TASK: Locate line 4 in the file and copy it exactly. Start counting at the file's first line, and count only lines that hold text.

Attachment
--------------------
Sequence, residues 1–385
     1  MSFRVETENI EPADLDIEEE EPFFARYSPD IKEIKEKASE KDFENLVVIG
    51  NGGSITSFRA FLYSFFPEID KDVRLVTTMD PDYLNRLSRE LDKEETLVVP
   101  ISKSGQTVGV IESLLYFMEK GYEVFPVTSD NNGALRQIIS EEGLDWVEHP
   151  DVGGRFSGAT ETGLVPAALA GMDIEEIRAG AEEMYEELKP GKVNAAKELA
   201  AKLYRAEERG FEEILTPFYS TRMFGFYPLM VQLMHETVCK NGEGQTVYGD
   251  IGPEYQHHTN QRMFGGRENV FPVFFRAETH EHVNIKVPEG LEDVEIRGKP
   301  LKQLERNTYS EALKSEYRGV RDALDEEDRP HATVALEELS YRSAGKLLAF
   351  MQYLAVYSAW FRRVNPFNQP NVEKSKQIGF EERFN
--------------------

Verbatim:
   101  ISKSGQTVGV IESLLYFMEK GYEVFPVTSD NNGALRQIIS EEGLDWVEHP